A U.S. senator is calling for an investigation into Sea To Table in the wake of a lengthy report by the Associated Press that claimed the company lied about the origins of the seafood it was selling to customers.

Senator Edward J. Markey (D-Mass.) sent a letter to both NOAA and the FTC calling for a full investigation into Sea To Table in the wake of the report. The AP’s extensive report included sting operations that captured Sea To Table claiming origins for seafood that couldn’t physically be true, including claims that tuna was sourced from boats that hadn’t left harbor or that species were available fresh despite being out-of-season.

“Sea To Table has violated the public’s trust in seafood by lying about the nature of its product as reliable and sustainable, and by profiting off of threatened fish stocks and enabling human rights violations,” Markey wrote in his letter to NOAA. “These alarming actions, which undermine the commitment to sustainable seafood harvested by fishermen in Massachusetts and around the country, cannot be tolerated.”

Markey also asked NOAA how its Office of Law Enforcement functions, how it monitors Sea to Table and other seafood distributors, and what steps it is going to take in the future to try and prevent other similar instances of mislabeling.

He also called on the FTC to look into whether marketing seafood as local, when it wasn’t, is in violation of FTC regulations.

“Sea To Table’s egregious misconduct not only harms consumer confidence in seafood, it likely violates the Federal Trade Commission Act, necessitating an investigation and potential formal action by the FTC,” Markey wrote.

Since the report, Sea To Table has responded to the allegations with a lengthy post on its website by company founder Sean Dimin.

The post starts by saying that the mislabeled tuna cited in the AP story was the fault of the distributor, Gosman’s, and not Sea To Table.

“The bottom line here is we may have been misled by one of our trusted suppliers, but we’ve taken action,” Dimin wrote. “Sea to Table immediately terminated our agreement with them, and because traceability is a cornerstone of our business, we will continue working to address and improve these processes across all our suppliers.”

Dimin also addressed the report’s claims that Sea To Table was shipping seafood 700 miles from North Carolina to be able to claim that the seafood was actually from New York.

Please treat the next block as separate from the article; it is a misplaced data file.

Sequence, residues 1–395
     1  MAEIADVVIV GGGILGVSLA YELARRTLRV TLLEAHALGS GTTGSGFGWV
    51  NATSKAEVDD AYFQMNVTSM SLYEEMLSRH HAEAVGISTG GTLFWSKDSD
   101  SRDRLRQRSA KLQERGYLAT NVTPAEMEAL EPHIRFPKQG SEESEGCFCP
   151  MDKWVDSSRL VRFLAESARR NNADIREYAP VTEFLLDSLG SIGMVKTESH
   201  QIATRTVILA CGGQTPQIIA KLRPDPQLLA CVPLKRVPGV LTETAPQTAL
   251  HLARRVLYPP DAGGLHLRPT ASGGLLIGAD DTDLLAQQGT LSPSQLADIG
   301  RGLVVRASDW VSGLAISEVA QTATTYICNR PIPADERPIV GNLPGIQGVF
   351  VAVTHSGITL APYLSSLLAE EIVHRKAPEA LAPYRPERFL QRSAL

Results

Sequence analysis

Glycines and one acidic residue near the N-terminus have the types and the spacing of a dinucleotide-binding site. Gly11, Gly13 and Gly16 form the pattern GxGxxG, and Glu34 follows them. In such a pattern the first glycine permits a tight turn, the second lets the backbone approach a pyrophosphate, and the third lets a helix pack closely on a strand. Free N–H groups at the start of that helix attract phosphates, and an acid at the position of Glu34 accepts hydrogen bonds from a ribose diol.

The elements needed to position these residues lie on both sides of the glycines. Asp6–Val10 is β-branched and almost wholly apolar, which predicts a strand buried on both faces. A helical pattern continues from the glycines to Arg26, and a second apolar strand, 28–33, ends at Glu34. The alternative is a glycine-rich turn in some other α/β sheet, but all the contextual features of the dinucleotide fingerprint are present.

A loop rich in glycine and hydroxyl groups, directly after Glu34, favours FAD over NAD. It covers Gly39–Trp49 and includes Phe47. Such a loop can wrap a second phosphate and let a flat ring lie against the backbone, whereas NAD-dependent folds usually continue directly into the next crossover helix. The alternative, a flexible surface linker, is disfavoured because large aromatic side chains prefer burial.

“Building a scalable supply chain for a highly migratory species is really challenging, and we understand the limitations in our ability as a growing business to communicate this complexity,” Dimin said. “We were aware this product was coming from North Carolina based on tuna migration patterns and never tried to hide it, but recognize instances where we could and should have been clearer with our customers.”

Dimin said the AP story missed the mark in multiple cases.

“It wove together a sensationalized, damning image of our company without a full understanding of the facts,” wrote Dimin.

Regardless of whether the AP report was sensationalized, Markey’s letter calls for NOAA and the FTC to examine whether steps should be taken to prevent seafood fraud.

“Seafood fraud threatens the health of Americans, negatively impacts our oceans and fisheries, and undermines the sustainable practices of responsible American fishermen,” Markey wrote.

This article originally appeared on Seafood Source and is republished here with permission.

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Chris Chase is the Portland, Maine-based associate editor of SeafoodSource. Previously, he worked covering local issues at the Coastal Journal in Bath, Maine, where he won multiple awards from the Maine Press Association for his news coverage and food reviews. Chris is a graduate of the University of Maine, and got his start in writing by serving as a reporter and later the State Editor of The Maine Campus, an award-winning campus newspaper.

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